All posts tagged networking

Switching careers to UX? Patience is your ally

Anyone who knows me well will tell you: patience is not my strong suit. I’ve learned to hide it reasonably well at the office, but as a general rule I hate waiting.

Back in early 2008, during Alan Cooper’s opening keynote at the first Interaction conference, I suddenly realized that I wanted—desperately—to be an interaction designer. At the time, I had been running my own design firm for almost 10 years, doing print and web design for associations, museums, and NGOs. Print work was becoming commoditized and I really couldn’t see myself doing graphic design into my middle age. When I discovered interaction design, I knew that this was it.

The only trouble was, I knew virtually nothing about the discipline and I had no idea how to get that kind of work.

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What does it mean to be a “team player”?

In addition to possessing “excellent written and oral communication skills,” every job applicant for professional work claims to be a “team player.” Probably because every job description demands that you be a team player.

Depending on who you talk to, however, the term “team player” means nothing—or everything.

There seem to be two ways to interpret the phrase. The popular, naïve definition seen on forums and blogs boils down to, “someone who gets along with others.” Business writers, on the other hand, define “team player” by listing dozens of skills and behaviors—from taking the initiative, to communicating effectively, to being reliable, a good listener, and a hard worker with a positive attitude. Given that definition, how is a team player different from an effective employee?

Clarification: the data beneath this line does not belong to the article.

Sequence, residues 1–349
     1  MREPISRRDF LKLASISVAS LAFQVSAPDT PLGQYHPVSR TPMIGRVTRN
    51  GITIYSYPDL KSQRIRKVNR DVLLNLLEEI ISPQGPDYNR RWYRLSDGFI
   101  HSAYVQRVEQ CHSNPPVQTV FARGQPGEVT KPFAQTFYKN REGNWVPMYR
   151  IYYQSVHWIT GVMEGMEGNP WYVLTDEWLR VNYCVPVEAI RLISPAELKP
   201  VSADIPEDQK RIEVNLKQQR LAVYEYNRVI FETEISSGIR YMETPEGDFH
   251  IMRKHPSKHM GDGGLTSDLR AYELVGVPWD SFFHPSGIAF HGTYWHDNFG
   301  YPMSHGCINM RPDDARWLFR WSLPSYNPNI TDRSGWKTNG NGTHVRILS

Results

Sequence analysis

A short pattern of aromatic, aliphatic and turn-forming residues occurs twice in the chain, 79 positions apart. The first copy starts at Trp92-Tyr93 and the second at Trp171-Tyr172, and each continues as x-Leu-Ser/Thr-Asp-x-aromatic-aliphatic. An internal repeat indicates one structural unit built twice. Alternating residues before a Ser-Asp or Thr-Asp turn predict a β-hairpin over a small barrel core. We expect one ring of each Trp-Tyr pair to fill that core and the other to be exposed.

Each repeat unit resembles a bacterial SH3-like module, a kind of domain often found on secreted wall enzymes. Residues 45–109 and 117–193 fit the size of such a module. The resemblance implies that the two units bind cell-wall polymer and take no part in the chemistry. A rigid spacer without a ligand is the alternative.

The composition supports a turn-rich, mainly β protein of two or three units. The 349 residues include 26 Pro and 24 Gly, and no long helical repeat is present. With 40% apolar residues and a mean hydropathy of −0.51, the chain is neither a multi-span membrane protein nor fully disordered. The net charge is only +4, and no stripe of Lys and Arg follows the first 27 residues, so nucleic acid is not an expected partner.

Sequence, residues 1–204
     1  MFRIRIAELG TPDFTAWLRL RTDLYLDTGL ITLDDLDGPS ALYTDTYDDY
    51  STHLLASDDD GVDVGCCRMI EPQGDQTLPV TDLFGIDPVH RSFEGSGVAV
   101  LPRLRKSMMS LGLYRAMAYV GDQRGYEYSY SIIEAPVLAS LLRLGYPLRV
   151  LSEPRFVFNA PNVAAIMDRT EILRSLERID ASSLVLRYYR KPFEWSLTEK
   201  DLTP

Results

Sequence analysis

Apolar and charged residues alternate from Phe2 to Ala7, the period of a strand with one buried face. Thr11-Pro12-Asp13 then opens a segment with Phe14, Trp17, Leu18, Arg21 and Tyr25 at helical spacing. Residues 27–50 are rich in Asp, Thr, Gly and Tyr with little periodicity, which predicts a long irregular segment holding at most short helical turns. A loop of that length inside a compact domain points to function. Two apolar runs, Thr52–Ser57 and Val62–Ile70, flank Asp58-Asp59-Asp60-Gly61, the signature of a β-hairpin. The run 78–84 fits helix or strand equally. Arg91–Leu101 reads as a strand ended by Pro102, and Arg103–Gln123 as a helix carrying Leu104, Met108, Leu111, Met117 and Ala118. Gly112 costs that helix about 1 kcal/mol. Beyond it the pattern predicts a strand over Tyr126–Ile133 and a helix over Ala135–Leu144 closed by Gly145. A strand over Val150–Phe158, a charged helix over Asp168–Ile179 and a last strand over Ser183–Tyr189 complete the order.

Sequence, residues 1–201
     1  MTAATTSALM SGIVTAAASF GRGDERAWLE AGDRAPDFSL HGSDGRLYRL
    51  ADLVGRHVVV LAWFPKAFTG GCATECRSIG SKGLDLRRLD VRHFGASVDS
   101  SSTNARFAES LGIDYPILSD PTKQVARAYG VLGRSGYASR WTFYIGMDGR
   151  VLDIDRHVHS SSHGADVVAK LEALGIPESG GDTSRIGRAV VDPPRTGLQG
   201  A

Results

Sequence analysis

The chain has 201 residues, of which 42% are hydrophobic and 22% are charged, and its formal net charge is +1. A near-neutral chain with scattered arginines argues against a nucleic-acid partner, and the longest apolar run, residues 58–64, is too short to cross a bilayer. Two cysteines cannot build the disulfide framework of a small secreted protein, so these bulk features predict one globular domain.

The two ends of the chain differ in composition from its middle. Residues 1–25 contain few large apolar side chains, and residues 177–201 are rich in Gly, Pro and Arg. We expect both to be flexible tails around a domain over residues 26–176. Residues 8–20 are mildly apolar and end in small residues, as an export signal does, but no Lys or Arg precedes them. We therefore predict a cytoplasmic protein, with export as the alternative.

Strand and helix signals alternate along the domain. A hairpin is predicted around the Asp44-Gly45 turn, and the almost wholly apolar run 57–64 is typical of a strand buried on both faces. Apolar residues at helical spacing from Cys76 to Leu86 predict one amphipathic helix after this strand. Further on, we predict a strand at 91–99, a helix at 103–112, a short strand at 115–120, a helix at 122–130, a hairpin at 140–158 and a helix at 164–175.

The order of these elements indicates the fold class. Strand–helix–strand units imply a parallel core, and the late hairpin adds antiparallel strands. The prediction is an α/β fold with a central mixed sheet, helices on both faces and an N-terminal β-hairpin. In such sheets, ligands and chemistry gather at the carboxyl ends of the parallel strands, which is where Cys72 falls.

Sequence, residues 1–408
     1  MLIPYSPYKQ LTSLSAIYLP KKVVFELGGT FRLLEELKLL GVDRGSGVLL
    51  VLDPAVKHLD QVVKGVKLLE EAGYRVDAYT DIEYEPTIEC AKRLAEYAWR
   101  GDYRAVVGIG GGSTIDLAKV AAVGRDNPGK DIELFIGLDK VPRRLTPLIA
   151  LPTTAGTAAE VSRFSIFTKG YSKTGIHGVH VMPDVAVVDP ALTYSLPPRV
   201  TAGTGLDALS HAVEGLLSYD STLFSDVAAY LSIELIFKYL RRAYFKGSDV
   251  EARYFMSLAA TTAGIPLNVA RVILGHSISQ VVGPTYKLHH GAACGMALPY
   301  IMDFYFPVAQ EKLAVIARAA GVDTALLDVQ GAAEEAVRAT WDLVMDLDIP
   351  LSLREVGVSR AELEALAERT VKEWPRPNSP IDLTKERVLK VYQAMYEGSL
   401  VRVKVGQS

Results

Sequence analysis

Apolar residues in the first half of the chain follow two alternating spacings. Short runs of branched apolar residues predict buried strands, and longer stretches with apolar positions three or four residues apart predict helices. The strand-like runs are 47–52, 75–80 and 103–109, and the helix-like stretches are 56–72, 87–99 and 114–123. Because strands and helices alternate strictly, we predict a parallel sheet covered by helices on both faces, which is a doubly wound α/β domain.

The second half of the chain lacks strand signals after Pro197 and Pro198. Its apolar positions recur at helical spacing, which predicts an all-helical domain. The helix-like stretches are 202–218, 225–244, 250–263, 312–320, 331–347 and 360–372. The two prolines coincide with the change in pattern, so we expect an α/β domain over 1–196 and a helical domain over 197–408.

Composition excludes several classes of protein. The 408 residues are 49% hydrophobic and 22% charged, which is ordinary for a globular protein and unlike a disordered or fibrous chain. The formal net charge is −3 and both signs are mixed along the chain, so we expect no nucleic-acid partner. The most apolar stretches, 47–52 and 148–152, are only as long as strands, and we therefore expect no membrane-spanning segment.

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Don’t be lazy—write that cover letter

I’m amazed that many people applying for high-paying professional jobs submit only their bare résumé with no accompanying cover letter. Yes, a cover letter is extra work—hello, that’s the point. Herewith, some tough love on why you need to write a great cover letter if you expect to get a great job.

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Three tips that helped me kick ass at the IA Summit

I had ten years of piano lessons when I was a kid and in all that time I went to only two recitals. Both times I strictly forbade my parents from attending (to their relief, I sensed) because I was deathly afraid of performing in public and was convinced that I would buckle under the pressure and make a total mess of my piece.

Needless to say, that pessimistic attitude ensured that I did indeed make an embarrassing mess of it, thus cementing my fear of public performance.

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How to start a peer advisory group

In 2006 I made a coffee date with a designer I met online. We were in the same situation: working by ourselves and feeling cut off from colleagues and peers. Little did I know that was the first step in creating a peer advisory group—one that’s grown and flourished and sustained me through many ups and downs as a business owner.

Three years later, Kathy Kiely (K2 Creative) and I are sharing office space and the Silver Spring Design Lunch has grown to a mailing list of 20 that meets monthly.